And while you've seen me go on about self-represented litigants before, the HRTO process is far easier to navigate than the Courts. If the HRLSC weren't there, I'd instead have told some of those above-noted prospective clients that they might consider handling the matters themselves.

Finally, the HRTO is faster. Their target time to deal with a matter is under 1 year. In my experience, the administrative side of the Tribunal is pretty close to being on top of that. They'll schedule hearings in a pretty timely manner. However, I have found that the adjudicative side of the Tribunal can be slow. The consequence of that is that the expediency of the process can be derailed by Requests for Orders during Proceedings, seeking anything from disclosure of documents to addition or removal of Respondents (or, in one case I worked on, addition of Applicants) or the raising of other jurisdictional or procedural issues...the matter can't proceed substantively until the RFOP is dealt with, and the RFOP can take quite a few months.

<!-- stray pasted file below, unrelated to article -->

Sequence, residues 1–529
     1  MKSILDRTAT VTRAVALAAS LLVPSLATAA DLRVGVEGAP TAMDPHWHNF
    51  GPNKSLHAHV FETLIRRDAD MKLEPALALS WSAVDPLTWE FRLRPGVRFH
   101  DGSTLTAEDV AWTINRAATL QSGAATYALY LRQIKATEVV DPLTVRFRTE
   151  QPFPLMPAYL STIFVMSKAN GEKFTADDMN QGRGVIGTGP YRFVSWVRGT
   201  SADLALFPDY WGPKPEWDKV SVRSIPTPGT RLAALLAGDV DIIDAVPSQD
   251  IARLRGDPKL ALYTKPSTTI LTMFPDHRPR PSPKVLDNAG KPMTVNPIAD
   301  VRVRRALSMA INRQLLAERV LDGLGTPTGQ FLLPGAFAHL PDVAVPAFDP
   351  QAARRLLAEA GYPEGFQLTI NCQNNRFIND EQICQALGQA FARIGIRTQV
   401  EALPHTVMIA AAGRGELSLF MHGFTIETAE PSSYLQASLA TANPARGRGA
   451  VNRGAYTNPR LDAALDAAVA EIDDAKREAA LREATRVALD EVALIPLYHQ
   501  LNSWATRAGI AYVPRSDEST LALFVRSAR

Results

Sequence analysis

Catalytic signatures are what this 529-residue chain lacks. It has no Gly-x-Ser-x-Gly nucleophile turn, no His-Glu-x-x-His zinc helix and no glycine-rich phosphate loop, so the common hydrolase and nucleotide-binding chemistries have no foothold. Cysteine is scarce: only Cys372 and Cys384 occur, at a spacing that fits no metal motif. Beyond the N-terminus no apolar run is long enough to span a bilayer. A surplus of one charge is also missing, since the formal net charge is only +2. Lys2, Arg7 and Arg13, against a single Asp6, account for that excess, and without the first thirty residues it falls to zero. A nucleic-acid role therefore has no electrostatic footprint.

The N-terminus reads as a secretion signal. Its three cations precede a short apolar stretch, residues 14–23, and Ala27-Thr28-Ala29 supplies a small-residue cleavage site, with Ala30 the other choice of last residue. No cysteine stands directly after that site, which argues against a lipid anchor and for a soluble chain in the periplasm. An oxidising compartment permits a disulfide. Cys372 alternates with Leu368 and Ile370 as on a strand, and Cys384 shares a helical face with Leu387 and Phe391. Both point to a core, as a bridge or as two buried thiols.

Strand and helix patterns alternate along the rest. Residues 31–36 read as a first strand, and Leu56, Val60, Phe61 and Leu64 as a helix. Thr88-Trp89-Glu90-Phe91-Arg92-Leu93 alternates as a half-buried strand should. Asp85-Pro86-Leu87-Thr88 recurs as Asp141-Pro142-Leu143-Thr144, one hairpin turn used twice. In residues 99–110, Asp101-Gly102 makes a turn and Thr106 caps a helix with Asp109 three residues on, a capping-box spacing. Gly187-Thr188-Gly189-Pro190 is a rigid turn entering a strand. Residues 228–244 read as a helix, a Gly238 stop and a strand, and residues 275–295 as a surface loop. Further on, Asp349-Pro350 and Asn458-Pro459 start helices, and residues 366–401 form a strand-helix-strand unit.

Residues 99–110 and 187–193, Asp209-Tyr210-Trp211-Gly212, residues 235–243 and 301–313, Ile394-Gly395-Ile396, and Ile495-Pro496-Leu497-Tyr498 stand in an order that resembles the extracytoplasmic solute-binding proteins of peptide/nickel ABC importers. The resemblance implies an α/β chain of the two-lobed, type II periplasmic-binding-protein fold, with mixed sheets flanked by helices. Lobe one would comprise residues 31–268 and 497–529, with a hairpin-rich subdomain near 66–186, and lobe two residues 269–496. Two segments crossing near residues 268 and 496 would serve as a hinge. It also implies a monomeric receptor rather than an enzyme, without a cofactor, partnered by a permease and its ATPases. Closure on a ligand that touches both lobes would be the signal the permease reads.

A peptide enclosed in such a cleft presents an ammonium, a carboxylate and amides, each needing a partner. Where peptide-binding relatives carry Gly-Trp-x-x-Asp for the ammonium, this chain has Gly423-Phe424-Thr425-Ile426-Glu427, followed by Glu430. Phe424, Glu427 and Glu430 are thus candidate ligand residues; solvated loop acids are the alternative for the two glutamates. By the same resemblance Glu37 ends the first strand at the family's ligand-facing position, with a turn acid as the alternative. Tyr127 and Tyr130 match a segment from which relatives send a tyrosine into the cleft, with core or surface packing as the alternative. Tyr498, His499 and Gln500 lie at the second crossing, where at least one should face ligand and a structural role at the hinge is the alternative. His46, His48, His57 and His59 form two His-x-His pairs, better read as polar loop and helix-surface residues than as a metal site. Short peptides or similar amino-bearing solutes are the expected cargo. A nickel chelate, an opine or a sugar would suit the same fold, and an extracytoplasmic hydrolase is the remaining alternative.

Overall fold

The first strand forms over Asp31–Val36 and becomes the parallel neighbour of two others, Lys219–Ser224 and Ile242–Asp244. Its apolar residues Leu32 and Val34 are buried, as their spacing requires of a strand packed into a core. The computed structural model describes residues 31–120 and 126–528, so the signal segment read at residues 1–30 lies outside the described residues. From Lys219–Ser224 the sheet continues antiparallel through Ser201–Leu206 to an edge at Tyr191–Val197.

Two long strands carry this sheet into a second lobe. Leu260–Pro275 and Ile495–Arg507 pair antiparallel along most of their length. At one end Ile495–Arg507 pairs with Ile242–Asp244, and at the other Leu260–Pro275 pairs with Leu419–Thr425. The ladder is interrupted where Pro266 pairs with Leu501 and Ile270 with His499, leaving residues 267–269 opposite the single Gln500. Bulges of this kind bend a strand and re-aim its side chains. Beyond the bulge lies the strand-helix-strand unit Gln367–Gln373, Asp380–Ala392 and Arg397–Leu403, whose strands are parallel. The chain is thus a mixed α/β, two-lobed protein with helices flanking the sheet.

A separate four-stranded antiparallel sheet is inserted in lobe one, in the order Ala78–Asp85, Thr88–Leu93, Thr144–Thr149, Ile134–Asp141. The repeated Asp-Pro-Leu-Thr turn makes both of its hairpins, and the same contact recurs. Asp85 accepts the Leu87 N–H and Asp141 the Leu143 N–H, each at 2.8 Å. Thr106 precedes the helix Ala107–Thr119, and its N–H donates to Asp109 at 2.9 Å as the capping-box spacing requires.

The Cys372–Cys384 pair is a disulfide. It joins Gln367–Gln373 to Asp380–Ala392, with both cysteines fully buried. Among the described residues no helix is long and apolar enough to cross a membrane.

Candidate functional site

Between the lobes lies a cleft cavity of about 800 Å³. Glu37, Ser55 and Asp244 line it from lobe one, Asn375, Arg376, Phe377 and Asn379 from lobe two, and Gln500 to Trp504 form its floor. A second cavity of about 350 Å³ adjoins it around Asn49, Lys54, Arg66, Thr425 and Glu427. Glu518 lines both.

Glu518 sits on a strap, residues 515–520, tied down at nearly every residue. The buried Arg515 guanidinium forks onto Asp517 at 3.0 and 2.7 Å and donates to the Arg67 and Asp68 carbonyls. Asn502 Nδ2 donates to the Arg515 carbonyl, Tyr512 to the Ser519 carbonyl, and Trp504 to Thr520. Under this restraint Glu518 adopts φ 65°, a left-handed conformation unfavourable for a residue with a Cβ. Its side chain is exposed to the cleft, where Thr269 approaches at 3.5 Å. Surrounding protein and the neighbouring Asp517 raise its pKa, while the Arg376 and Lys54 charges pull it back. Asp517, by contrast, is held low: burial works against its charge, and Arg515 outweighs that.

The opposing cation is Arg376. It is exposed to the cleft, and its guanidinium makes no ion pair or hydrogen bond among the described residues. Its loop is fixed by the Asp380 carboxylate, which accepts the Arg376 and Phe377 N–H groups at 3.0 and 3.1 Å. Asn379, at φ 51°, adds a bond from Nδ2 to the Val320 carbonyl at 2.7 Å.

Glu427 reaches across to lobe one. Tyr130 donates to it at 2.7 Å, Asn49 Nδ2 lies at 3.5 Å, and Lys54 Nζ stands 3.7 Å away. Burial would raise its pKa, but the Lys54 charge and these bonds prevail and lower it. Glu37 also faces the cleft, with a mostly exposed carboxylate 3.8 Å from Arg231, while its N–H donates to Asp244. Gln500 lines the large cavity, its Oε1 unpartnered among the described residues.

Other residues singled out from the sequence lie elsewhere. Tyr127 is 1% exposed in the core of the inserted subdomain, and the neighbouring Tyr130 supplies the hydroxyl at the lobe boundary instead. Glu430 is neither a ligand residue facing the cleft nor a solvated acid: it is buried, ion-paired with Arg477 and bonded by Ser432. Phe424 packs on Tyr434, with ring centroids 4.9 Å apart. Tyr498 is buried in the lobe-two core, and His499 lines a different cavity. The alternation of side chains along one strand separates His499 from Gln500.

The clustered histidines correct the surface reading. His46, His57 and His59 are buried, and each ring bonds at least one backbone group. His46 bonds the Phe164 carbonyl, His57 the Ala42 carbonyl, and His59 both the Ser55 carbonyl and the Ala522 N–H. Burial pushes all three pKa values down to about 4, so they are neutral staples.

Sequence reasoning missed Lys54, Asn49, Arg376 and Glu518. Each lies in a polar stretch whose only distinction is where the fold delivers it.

(Essentially, you make a Request and the other side gets to respond. After this, the Tribunal has to decide how to handle the Request. On some occasions, it can look at the Request and Response and deal with it summarily. Even in this kind of summary disposal of the request, I've seen it take over three and a half months from the filing of the Request to the release of a decision. In other cases, the Tribunal decides it needs more elaborate written submissions, or needs an in-person hearing. Occasionally, the more elaborate written submissions, once received, make it clear that an in-person hearing of the issue is necessary. A back-and-forth between the adjudicative branch of the Tribunal and the parties can easily lengthen the process.)

Even then, though, it looks like a longer Tribunal process is on par with a shorter Court process.